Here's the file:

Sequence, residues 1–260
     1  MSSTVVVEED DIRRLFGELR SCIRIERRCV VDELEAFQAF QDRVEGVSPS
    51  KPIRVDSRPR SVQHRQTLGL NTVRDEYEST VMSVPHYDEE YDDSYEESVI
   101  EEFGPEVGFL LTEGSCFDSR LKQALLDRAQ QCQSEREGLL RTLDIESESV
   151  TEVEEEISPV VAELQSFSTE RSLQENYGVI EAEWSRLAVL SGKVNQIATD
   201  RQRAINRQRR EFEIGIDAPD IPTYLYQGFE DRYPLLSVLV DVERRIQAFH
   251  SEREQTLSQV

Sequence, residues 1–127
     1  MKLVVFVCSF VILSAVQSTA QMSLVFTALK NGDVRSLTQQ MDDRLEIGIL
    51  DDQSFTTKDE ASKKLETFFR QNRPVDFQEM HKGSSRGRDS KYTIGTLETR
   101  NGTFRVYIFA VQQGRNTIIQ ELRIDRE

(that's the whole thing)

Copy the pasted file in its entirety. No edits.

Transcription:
Sequence, residues 1–260
     1  MSSTVVVEED DIRRLFGELR SCIRIERRCV VDELEAFQAF QDRVEGVSPS
    51  KPIRVDSRPR SVQHRQTLGL NTVRDEYEST VMSVPHYDEE YDDSYEESVI
   101  EEFGPEVGFL LTEGSCFDSR LKQALLDRAQ QCQSEREGLL RTLDIESESV
   151  TEVEEEISPV VAELQSFSTE RSLQENYGVI EAEWSRLAVL SGKVNQIATD
   201  RQRAINRQRR EFEIGIDAPD IPTYLYQGFE DRYPLLSVLV DVERRIQAFH
   251  SEREQTLSQV

Sequence, residues 1–127
     1  MKLVVFVCSF VILSAVQSTA QMSLVFTALK NGDVRSLTQQ MDDRLEIGIL
    51  DDQSFTTKDE ASKKLETFFR QNRPVDFQEM HKGSSRGRDS KYTIGTLETR
   101  NGTFRVYIFA VQQGRNTIIQ ELRIDRE